There’s no denying it — cleaning is boring, and the sadness, emptiness and irritability that all too often develop with depression can make it even worse. 

One simple way to make cleaning and organizing your living space easier is to distract yourself with music. Try putting on a relaxing playlist in the background while you organize your clothes, clean the bathroom or organize your bedroom to provide some extra motivation.

Alternatively, if you’re experiencing a lack of motivation because of your depression, try listening to something upbeat that fills you with energy.

Although research on the effects of music on depression symptoms is limited, some people with depression report that they feel calmer, less anxious and more comforted when actively listening to music.

Set Aside a Small Amount of Time Every Day

From going to the gym to learning a new language, many seemingly daunting tasks become a lot easier when you make them part of your daily routine.

It’s easy to procrastinate when you’re depressed, and constantly reassuring yourself that you’ll clean house “tomorrow” can all too often result in nothing getting done.

To make taking action easier, try making cleaning a daily task to which you devote 10, 15 or 20 minutes of your time, whether it’s to do a load of laundry, keep your personal space neat or just take care of other daily chores. 

Setting aside time every day can make keeping your house clean much easier, often with just a few minutes of daily work. You may be surprised by how much you’re able to get done within an hour of getting home, or just before you settle down to read a book or watch TV.

Create a Daily Cleaning Checklist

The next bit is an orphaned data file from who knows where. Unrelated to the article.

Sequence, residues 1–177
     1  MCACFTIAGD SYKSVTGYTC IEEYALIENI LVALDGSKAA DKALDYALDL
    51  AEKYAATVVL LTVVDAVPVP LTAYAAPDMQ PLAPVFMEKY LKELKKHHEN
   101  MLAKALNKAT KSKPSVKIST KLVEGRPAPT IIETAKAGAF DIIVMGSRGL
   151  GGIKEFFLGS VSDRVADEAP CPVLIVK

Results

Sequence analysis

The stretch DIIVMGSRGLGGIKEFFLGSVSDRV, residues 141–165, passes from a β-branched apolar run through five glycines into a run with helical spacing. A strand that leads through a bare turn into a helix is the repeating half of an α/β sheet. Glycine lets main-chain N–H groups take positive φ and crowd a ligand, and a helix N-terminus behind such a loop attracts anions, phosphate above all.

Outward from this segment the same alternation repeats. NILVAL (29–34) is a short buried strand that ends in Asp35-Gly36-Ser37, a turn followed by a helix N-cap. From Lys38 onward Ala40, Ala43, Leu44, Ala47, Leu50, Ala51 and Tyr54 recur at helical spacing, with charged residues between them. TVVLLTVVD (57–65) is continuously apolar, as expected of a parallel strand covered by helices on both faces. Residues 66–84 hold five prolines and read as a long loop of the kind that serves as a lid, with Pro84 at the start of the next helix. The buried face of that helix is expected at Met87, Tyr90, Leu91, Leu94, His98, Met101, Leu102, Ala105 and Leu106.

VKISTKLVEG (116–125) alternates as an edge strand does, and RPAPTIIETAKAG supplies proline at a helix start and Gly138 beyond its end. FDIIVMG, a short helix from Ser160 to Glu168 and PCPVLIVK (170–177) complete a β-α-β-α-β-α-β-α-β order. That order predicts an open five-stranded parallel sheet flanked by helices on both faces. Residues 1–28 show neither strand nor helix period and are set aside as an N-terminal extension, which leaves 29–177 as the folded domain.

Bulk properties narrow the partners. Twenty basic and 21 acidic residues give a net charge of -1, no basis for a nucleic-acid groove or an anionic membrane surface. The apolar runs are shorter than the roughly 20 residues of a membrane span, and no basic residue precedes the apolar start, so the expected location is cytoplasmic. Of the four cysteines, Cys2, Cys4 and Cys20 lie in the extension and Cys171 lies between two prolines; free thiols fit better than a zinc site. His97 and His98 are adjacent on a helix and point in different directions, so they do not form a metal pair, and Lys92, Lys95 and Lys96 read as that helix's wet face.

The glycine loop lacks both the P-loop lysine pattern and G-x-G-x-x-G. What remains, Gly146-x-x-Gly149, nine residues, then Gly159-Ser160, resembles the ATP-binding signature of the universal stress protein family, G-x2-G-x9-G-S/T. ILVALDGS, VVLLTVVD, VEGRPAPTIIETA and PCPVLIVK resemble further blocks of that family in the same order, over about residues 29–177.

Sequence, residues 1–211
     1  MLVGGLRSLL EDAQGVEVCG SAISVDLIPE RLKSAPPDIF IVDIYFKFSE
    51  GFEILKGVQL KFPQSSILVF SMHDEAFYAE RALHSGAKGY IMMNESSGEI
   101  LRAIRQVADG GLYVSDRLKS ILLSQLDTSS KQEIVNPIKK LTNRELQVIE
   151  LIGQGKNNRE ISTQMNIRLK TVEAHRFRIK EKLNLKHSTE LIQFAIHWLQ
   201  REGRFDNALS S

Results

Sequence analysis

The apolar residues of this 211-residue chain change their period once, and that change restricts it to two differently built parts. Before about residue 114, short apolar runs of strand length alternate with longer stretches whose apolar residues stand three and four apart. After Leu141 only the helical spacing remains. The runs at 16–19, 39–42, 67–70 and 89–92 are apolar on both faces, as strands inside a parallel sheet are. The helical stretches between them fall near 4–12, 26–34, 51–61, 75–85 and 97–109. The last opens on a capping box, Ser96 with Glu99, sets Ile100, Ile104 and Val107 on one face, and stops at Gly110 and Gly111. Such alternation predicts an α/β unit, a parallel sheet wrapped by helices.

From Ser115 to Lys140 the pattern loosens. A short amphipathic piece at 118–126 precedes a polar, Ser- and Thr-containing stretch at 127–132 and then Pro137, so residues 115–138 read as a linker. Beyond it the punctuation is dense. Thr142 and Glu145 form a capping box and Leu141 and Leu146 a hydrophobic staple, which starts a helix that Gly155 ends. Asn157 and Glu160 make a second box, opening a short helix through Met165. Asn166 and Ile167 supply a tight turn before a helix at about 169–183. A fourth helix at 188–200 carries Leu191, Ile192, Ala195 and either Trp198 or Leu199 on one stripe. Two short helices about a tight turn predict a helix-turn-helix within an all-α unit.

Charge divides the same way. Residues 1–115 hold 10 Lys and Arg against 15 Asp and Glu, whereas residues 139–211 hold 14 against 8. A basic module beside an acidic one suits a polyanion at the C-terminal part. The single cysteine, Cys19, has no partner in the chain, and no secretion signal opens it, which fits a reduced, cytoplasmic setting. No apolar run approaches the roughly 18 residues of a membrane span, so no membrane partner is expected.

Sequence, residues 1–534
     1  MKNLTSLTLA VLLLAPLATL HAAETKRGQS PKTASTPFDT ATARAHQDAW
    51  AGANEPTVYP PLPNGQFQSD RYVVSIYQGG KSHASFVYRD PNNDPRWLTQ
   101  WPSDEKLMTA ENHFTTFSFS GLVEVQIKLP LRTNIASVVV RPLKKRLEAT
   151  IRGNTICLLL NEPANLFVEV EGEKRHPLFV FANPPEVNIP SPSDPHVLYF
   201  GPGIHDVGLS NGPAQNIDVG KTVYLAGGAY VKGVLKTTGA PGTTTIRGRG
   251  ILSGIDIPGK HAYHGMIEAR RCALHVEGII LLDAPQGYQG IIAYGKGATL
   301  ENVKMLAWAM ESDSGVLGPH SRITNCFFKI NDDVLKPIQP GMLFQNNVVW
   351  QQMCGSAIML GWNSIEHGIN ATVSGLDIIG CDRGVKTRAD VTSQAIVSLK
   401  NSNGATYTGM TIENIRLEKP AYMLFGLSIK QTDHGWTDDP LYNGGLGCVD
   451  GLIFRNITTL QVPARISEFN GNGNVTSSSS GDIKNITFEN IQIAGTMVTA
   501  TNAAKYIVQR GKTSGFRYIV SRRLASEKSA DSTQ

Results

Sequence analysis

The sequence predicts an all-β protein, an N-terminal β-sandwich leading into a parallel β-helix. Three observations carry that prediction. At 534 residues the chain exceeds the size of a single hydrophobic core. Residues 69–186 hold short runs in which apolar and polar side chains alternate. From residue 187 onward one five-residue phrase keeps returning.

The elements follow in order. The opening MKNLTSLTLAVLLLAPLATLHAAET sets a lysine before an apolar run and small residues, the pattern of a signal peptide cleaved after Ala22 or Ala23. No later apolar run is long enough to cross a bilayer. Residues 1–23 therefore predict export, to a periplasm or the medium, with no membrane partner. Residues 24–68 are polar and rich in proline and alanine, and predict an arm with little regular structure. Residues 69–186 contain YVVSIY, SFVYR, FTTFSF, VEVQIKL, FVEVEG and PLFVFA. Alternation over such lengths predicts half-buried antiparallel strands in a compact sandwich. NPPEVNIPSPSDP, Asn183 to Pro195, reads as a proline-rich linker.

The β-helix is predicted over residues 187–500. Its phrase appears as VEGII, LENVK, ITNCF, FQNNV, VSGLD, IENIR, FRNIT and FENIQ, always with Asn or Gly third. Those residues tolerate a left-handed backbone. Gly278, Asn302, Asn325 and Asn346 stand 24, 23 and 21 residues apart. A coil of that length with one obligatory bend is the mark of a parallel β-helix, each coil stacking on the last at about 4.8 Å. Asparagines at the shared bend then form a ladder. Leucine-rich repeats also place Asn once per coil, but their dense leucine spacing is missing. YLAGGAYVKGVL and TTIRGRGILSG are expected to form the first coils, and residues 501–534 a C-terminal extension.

Depression can affect your ability to make decisions, meaning simple things like deciding where to start cleaning can suddenly become surprisingly difficult.

To help yourself find motivation and make cleaning an even simpler process, try to create a daily cleaning checklist that lists everything from making your bed to folding your clothes, washing the dishes and taking out the trash.

You can do this with a written to-do list that you keep in a visible location at home or by creating a repeating list using a to-do list app on your phone.

If you live with your partner, family or a friend, try creating a shared list so that you can take care of cleaning up together. This might help you to get things done when you’re dealing with severe symptoms and don’t feel like you can take care of everything by yourself.

Better yet, try cleaning together. Spending your time around other people is an important step in the recovery process, and cleaning your home together can be a good opportunity to bond with your partner, family member or friend and vent about things that are bothering you.

Not only can having a daily list make it easier to keep track of what needs to be done around the house, but it can also give you a sense of satisfaction once the day’s tasks are done.